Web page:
Between 2017 and 2018, the number of WeChat KOL campaigns spending over 100,000 yuan (around $14,192) jumped from 40 percent to 58 percent of total KOL investment, reflecting the fact that bigger influencers tend to yield a better return on investment for brands. It also reflects the fact that as the WeChat KOL market is maturing, as view traffic consolidates into fewer, larger accounts. Beauty and clothing were the two segments with the highest ROIs, with KOLs most effectively converting beauty and fashion recommendations into sales. (WalktheChat)
CONSUMER & RETAIL
Government Outlines Consumption Boosting Plans
A meeting of China’s State Council, chaired by Premier Li Keqiang, has outlined numerous measures to boost domestic consumption. Among the moves, upgrading outdated retail infrastructure in the form of either malls or pedestrian streets was named a priority, as was expanding e-commerce further into rural areas and adjusting and expanding the list of retail import goods involved in cross-border e-commerce. Consumption contributes about 60 percent of the country's GDP growth and remains its most powerful growth engine. The government will be more reliant than ever on its big spending consumers to help it ride out its long-term trade war with the US. (Xinhua)
Aldi and Costco Test China's Retail Appetite with Offline Expansion
Aldi opened its first two Chinese locations in June after selling to the country's consumers through Alibaba's Tmall Global e-commerce platform since 2017, while US-based Costco Wholesale — which has had a Tmall presence since 2014 — is set to open its first brick-and-mortar store in China at the end of August. Aldi and Costco will face competition from homegrown chains including Alibaba's Hema stores, which offer a hybrid of online and offline shopping. Foreign hypermarkets and supermarkets in China saw profit margins reach an average of 23.2 percent in 2018, higher than the sector's average, but analysts note the fortunes of foreign retailers in China depend on their ability to adapt to local consumer preferences. (Nikkei Asian Review)
China Retail Sales Soar in June
Official government figures show a 9.8 percent year-on-year increase for the month, higher than the 8.6 percent in May and 8.4 percent for the first half year. Auto sales rose markedly due to deep discounts on older models ahead of stricter emissions standards which took effect on July 1, and the 6.18 shopping festival was credited with boosting cosmetics, jewellery and appliance sales. Online retail goods sales sustained momentum with a robust 21.6 percent year-on-year growth during the first half of the year, accounting for 19.6 per cent of Mainland China’s total retail sales. (Retail News Asia)
POLITICS, ECONOMY, SOCIETY
Shanghai Free Trade Zone Expands
Shanghai’s free trade zone is being expanded to include an area called Lingang on the city’s southeast coast, where Tesla is building its first overseas factory and the world’s largest planetarium is under construction. This doubles Shanghai’s free trade zone from 120 square kilometres to 240 square kilometres, marking the second expansion since the zone was created in September 2013. Nearly 60,000 companies are registered in the zone, a fifth of them with foreign investment totalling $25 billion. Lingang is a relatively new city, built to be a modern example of international competitiveness, and serves as a hub for science and technology, intelligent manufacturing and the government’s “Made in Shanghai” campaign. (Shine)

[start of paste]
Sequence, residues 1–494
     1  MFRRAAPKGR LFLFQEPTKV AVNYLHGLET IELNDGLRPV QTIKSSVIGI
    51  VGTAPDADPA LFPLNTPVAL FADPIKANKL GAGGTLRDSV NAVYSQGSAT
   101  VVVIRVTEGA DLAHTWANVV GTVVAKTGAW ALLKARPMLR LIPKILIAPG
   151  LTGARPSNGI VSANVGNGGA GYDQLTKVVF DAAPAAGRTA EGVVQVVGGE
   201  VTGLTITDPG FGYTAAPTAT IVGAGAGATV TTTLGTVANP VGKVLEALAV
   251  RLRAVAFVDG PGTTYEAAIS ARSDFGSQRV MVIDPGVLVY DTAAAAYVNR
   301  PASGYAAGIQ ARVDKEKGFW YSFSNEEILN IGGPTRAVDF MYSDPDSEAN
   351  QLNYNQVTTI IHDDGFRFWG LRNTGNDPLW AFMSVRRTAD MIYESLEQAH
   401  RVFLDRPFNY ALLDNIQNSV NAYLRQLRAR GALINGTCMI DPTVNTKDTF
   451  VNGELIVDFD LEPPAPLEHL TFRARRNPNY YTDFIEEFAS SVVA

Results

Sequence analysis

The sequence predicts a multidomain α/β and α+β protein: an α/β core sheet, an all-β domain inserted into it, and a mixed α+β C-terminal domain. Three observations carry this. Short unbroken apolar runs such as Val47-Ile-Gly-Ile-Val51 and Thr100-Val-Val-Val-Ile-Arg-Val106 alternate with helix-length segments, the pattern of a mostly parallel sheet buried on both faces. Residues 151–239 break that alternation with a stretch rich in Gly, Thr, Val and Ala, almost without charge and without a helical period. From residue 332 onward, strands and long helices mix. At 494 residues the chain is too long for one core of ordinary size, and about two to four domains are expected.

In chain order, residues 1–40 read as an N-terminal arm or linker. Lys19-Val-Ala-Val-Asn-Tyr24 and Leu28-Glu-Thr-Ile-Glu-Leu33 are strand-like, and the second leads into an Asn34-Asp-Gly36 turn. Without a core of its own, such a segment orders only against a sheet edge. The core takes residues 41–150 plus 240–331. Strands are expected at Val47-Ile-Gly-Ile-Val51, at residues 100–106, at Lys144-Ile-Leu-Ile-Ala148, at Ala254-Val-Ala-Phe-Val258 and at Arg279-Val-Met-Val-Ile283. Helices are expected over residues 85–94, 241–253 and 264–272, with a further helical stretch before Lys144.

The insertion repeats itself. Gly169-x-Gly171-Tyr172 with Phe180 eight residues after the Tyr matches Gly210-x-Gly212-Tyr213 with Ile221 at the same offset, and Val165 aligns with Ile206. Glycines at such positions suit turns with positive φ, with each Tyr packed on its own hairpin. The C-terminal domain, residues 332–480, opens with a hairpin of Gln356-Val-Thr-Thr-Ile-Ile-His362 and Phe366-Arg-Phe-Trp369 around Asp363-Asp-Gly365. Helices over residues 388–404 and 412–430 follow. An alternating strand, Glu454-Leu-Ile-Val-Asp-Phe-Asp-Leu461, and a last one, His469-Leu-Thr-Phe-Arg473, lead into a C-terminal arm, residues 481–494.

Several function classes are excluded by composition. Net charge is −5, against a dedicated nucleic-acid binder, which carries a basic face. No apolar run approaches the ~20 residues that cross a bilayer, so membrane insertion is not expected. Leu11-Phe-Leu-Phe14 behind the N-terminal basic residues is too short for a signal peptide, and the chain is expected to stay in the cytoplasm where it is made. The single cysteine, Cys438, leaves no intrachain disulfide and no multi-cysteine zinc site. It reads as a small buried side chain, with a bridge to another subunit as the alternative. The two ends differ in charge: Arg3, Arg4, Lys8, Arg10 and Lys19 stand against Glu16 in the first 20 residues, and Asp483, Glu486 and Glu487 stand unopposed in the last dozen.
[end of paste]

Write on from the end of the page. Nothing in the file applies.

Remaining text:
Forbidden City Revamp Signals China’s New Pride in Its Past
As Beijing’s Forbidden City (known locally as the Palace Museum) approaches its 600th birthday next year, it has been restored to its former glory for all to see. As recently as 2012, only 30 percent of the vast complex was open to the public. Now, 80 percent is accessible — filled with exhibition spaces, stylish restaurants and cafes, bookstores, and highly profitable gift stores, as well as quiet walkways and greenery. The revitalisation has coincided with a broader push to protect and project the country’s cultural heritage — President Xi Jinping has pushed “cultural self-confidence” as one of his signature policies. His government has pumped money into reviving traditional cultural practices, including calling on the Palace Museum to better showcase its holdings. (NYT)
China Lists 86 Patriotic Shows TV Stations Should Air for Its 70th Birthday
The shows on the list laud the achievements of the Chinese Communist Party, which established the republic on October 1, 1949 following the civil war. In addition to the list of celebratory TV shows, the National Radio and Television Administration also issued guidelines on what broadcasters should not air in that time frame, including any historical period shows or idol dramas that are “relatively entertaining.” The new guidelines are another move by the Chinese government to tighten censorship over the entertainment industry, particularly in a year that is filled with sensitive anniversaries for the party. (Quartz)